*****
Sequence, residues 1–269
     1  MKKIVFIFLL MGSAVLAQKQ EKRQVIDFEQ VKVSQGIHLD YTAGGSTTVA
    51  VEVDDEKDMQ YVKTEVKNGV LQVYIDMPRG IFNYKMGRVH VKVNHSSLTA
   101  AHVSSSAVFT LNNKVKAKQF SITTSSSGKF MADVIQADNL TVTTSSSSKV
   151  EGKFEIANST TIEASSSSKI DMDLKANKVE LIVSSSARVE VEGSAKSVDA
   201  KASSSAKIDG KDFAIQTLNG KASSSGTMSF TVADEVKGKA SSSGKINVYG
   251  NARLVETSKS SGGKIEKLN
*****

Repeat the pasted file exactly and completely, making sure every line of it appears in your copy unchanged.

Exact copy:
Sequence, residues 1–269
     1  MKKIVFIFLL MGSAVLAQKQ EKRQVIDFEQ VKVSQGIHLD YTAGGSTTVA
    51  VEVDDEKDMQ YVKTEVKNGV LQVYIDMPRG IFNYKMGRVH VKVNHSSLTA
   101  AHVSSSAVFT LNNKVKAKQF SITTSSSGKF MADVIQADNL TVTTSSSSKV
   151  EGKFEIANST TIEASSSSKI DMDLKANKVE LIVSSSARVE VEGSAKSVDA
   201  KASSSAKIDG KDFAIQTLNG KASSSGTMSF TVADEVKGKA SSSGKINVYG
   251  NARLVETSKS SGGKIEKLN